Perhaps the last is due to the generally low quality of the criticism of Dawkins. The most negative reviews here at Scienceblogs have been posted by those who have not read the book. (Does this include you? You were not clear on that point.) They dislike Dawkins and his message, and so grabbed onto a negative review posted elsewhere (e.g. NY Times) that supported their pre-conceived notions and climbed aboard the bandwagon.

    It is the very model of their thoughts on religion in general: “Evidence? We don’t need no stinking evidence. So what if we hold beliefs we cannot justify rationally?

  18. #18 Friend Fruit
    November 21, 2006

    No beef? How about Show me the money?

  19. #19 Roberta Millstein
    November 21, 2006

    John wrote:

    I agree. Dont let the surprise kill you …

    Not entirely shocked, no. :)

    noself wrote:

    Hold on now, I’m not certain that’s a fair criticism. In his latest book, he doesn’t take aim at what Roberta calls that the “God (e.g., that God created the laws of the universe, or started the big bang, or some such)”.

    Instead I believe he distinguishes this form of Einsteinian “god” (or Nature or whatever you may want to ascribe or describe it) from the sort of personal, interfering, jealous, requires worshipping sort of God i.e. the sort of God that beggars scientific belief, the sort that people actually worship.

    But there seem to be only two versions of God at play here. I think my point is that there are many versions of God — for example, people might be happy to worship, in a church or a synagogue, what seems like a very “minimalist” religious belief to some.

    While I am partially sympathetic to the losing strategy argument it seems infused with a huge bit of defeatism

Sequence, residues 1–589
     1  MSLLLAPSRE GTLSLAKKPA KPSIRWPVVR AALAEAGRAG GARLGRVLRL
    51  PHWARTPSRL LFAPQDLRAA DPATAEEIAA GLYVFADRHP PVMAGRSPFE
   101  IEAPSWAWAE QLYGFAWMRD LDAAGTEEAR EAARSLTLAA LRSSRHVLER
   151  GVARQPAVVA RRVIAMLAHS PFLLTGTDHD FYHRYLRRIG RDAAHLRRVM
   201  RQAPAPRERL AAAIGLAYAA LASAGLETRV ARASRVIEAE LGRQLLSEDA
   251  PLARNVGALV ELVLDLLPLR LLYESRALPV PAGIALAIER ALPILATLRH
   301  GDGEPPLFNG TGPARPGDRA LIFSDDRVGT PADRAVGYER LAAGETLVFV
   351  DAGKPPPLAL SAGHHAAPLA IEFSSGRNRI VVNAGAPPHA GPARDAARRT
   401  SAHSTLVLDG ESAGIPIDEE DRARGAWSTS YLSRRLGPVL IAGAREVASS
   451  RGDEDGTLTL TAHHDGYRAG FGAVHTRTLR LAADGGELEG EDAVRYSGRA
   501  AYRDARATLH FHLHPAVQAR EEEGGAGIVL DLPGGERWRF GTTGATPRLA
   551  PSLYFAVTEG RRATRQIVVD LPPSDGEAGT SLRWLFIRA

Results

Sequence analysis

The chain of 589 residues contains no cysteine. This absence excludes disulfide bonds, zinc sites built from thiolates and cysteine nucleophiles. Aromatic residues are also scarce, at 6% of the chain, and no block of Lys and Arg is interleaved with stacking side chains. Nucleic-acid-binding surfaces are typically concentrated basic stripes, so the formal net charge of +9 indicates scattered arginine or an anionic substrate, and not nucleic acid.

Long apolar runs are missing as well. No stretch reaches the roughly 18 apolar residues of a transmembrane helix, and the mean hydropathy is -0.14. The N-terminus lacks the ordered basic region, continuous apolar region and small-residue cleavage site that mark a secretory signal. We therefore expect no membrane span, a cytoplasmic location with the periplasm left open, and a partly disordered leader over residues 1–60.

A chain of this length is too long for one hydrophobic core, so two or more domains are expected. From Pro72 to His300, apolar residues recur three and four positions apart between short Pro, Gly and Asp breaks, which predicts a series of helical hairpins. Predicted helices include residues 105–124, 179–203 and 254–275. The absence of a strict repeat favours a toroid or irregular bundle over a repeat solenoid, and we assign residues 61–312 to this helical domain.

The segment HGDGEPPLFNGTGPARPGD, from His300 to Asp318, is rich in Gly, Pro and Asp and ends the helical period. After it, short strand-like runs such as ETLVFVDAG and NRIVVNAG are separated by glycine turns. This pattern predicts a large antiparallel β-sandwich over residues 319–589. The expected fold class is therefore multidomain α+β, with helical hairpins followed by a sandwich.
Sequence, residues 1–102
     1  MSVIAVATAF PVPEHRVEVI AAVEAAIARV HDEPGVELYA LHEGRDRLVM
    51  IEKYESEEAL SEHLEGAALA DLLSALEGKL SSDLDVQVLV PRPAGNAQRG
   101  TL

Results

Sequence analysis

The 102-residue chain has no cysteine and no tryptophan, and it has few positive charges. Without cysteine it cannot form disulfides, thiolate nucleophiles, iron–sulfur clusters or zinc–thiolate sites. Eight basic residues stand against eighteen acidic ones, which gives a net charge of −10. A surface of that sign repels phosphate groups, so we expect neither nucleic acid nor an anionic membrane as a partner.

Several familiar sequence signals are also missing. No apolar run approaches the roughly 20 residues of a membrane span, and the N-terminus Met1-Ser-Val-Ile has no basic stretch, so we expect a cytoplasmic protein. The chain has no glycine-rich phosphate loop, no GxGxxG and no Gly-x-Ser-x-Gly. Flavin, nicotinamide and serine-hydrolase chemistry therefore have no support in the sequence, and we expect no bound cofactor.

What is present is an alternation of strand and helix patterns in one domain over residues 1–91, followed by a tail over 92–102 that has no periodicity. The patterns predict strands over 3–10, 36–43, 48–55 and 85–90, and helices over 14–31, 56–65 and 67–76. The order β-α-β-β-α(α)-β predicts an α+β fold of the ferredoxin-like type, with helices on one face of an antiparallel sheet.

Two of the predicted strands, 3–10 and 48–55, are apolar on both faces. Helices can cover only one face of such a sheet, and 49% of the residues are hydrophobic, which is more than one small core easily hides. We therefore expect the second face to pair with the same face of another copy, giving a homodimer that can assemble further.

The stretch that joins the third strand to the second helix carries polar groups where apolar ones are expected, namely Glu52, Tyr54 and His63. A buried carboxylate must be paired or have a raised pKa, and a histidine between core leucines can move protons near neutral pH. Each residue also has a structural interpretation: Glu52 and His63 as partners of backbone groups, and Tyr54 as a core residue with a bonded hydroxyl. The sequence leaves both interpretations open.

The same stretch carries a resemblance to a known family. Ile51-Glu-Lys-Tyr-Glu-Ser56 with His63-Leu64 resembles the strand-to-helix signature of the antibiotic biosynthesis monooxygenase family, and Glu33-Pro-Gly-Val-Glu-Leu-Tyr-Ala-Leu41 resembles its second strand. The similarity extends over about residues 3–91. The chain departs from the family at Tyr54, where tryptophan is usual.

My argument isn’t “if you can’t beat ‘em, join ‘em.” Rather, it’s recognizing that there are a lot of people on “our” side — that is, the side of evolution, or science more generally, who also consider themselves to have substantial religious beliefs. So, more like “why kick out those who are on our side?” Unless, of course, you take “our side” to be atheism. But that’s not something I’m going to get all fired up arguing about. I just don’t care that much. I do, however, care about science.

    and worse still seems premised on a disregard for a search for the truth (or at least a closer approximation of the truth).

    Assuming that we know for a fact that atheism is true, but I don’t think that we can demonstrate that empirically.

    It’s one thing to say choose god or evolution but fundamentally different from saying choose god or science. You can compartmentalise all you want, but at least acknowledge it as just I am forced to acknowledge to some degree that god must be taken as a logical possibility (albeit an unlikely one)

    Yes, there is a bit of comparmentalization going on by those who accept both God and science. But I do that in many aspects of my life; for example, I don’t approach my personal relationships scientifically, either. :) So, I don’t criticize those who choose to have religious beliefs, as long as those beliefs don’t impinge on me. And there are many religious people out there who DON’T want to impose their beliefs on others. I see no reason to alienate them.

  20. #20 Friend Fruit
    November 22, 2006

    No beef? No money?

    No cat, no cradle.

    All hat, no cattle.

  21. #21 Daniel Morgan
    November 24, 2006

    I agree with you that we atheists can sometimes mirror religious fundamentalists; yet, I’m not sure that Larry’s comment deserves that sort of comparison.

    I think atheists can let fear take over just as theists can — and I think fear underlies all forms of fundamentalism. People who are afraid cling desperately to whatever they think will allay their fears, and they will do so in denial of reality. I think this whole damn flame war is based on hyperbolic language and some people denying the reality of their motives, and of the schism between science religion.

  22. #22 Orac
    November 24, 2006

    Hey! I invented that word :)

    Seriously, I did.

    So you’re the one I need to blame for that, eh? ;-)

  23. #23 Friend Fruit
    November 25, 2006

    I could have sworn I made another post to this thread; no telling how it might have been misplaced.